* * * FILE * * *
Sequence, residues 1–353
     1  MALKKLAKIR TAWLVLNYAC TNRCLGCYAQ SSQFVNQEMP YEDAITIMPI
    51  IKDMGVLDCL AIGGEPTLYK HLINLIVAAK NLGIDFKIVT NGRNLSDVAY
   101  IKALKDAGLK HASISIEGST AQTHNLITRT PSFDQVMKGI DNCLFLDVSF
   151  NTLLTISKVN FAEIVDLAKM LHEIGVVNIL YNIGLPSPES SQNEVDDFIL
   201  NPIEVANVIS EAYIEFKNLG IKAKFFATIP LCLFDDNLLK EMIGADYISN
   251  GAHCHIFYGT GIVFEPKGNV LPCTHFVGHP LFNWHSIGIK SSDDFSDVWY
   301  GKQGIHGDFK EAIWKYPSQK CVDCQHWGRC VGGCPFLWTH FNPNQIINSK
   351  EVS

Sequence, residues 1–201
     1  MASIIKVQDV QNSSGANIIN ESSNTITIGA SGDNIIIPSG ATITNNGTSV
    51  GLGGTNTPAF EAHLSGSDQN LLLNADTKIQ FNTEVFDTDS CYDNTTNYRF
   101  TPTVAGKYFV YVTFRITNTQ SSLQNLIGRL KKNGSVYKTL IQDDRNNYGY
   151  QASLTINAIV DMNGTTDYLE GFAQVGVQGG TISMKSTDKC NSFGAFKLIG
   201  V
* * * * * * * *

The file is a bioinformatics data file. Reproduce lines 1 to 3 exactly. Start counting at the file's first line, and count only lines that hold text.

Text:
Sequence, residues 1–353
     1  MALKKLAKIR TAWLVLNYAC TNRCLGCYAQ SSQFVNQEMP YEDAITIMPI
    51  IKDMGVLDCL AIGGEPTLYK HLINLIVAAK NLGIDFKIVT NGRNLSDVAY